Years ago, I remember taking a trip to Disney World. My lawn looked like a jungle, lots of bills were due, and my inbox at work was piled to the ceiling. My job as an examiner for Social Security Disability was insanely stressful. The organization was a white-collar sweatshop with supervisors patrolling the halls to ensure that everyone was working every minute of the day and each examiner’s weekly production statistics were publicly posted. The job was mainly spending time either on the phone with claimants who unloaded their frustrations at how long the process was taking or on the phone with doctors’ offices who also unloaded their frustrations at being pestered by disability examiners trying to obtain the medical records required to adjudicate claims. Disability examiners were basically yelled at all day long. One of my co-workers, Gene, had been an air traffic controller in the army and he claimed that our job as examiners was more stressful! During my three years with Social Security Disability, Gene and six other examiners under the age of 50 died of either cancer or heart disease. The death rate of disability examiners during my tenure there was one in four! I am certain their cause of death was chronic stress. Of the surviving examiners, over half of us had to be prescribed anti-depressant medication to manage the pressure.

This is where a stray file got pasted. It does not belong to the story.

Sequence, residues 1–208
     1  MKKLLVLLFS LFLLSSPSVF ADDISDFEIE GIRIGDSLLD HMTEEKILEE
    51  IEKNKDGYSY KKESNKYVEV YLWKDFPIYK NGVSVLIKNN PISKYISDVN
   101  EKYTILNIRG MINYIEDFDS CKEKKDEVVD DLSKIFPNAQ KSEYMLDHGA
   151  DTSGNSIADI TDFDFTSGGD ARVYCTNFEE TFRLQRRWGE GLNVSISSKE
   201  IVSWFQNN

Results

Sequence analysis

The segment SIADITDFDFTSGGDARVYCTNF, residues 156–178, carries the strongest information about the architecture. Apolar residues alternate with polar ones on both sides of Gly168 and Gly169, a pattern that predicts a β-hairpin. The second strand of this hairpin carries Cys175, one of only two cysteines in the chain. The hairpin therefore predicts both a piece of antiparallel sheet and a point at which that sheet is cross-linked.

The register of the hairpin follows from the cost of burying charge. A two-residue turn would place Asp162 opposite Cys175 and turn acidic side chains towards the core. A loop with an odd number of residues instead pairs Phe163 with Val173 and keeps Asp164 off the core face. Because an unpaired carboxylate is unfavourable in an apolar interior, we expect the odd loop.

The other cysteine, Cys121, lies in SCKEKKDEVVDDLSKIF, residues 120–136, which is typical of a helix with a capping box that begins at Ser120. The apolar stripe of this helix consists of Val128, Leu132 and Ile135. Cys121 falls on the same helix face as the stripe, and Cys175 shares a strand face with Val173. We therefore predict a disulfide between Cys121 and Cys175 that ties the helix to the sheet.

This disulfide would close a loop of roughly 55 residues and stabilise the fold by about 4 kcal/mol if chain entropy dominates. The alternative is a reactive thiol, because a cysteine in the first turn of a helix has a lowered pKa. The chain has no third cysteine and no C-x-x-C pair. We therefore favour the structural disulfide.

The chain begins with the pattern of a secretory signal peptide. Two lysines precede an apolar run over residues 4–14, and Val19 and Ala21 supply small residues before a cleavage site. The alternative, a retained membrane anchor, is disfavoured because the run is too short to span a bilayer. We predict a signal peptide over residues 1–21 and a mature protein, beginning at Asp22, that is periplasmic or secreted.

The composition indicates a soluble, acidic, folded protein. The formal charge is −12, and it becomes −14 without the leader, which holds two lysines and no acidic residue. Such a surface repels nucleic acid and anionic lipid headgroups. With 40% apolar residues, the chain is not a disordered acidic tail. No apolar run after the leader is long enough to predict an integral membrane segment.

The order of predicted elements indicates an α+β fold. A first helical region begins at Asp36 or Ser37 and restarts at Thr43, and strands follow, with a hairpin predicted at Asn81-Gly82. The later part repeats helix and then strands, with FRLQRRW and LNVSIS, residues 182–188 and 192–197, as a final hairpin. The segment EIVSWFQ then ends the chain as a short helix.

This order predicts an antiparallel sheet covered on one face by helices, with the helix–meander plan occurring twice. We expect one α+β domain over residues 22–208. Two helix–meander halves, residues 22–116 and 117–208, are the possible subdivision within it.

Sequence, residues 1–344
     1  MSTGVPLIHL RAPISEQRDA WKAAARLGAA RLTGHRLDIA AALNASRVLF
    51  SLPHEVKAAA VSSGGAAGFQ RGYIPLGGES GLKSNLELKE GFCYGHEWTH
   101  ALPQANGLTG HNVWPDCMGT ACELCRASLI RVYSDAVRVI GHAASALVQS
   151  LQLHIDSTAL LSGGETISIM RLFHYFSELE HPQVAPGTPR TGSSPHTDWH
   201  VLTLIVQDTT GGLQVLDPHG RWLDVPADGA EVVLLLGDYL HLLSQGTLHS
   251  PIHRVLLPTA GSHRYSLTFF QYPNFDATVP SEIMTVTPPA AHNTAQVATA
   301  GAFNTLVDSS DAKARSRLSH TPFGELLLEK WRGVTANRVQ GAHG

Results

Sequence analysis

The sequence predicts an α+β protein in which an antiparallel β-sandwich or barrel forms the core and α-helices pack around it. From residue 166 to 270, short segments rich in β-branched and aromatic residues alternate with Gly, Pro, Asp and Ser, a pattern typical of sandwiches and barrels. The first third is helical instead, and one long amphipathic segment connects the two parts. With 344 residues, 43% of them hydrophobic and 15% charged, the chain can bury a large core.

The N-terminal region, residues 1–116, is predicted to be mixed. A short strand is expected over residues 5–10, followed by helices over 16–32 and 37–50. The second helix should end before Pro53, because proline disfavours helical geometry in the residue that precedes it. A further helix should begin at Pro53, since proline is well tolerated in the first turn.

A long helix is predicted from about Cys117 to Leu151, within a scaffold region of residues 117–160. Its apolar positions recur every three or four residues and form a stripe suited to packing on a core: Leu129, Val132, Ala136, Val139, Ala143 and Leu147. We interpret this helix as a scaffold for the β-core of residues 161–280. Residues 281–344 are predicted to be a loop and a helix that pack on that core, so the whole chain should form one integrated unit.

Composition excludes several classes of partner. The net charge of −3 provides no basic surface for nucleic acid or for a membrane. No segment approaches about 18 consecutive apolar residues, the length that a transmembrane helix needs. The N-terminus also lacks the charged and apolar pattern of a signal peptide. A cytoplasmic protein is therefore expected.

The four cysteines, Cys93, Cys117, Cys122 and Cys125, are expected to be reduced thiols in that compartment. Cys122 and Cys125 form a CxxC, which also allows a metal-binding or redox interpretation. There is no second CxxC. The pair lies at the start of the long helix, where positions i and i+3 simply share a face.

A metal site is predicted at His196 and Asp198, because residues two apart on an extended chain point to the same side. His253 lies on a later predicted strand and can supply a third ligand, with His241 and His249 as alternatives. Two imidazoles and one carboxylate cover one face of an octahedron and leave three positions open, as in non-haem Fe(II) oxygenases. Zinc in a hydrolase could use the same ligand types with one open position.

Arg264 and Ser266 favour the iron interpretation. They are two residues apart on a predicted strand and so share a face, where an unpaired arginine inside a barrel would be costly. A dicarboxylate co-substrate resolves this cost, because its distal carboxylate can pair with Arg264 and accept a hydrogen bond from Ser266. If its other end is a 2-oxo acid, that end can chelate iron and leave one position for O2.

It goes without saying that my life at that time was riddled with tension. My bank account was low, and my obligations were many. I had absolutely no business going to Disney World. However, I did have accumulated leave and a credit card! I remember feeling the weight of the world as I backed out of my driveway, but gradually, something magical happened when I left the familiar sensations of James Island, my hometown, and merged on to I-95 to Florida. My worries just melted away and my thoughts shifted from the hassles of daily life to my Disney vacation. I had a blast at Disney World. I felt like a kid again and soaked up the wonders of engineering and imagination that make Disney such a unique destination. I ate, drank, laughed, and played. When the fun was over and I was heading home, the hammer dropped. As soon as I was in familiar territory, a flood of unpleasant realizations flashed through my mind.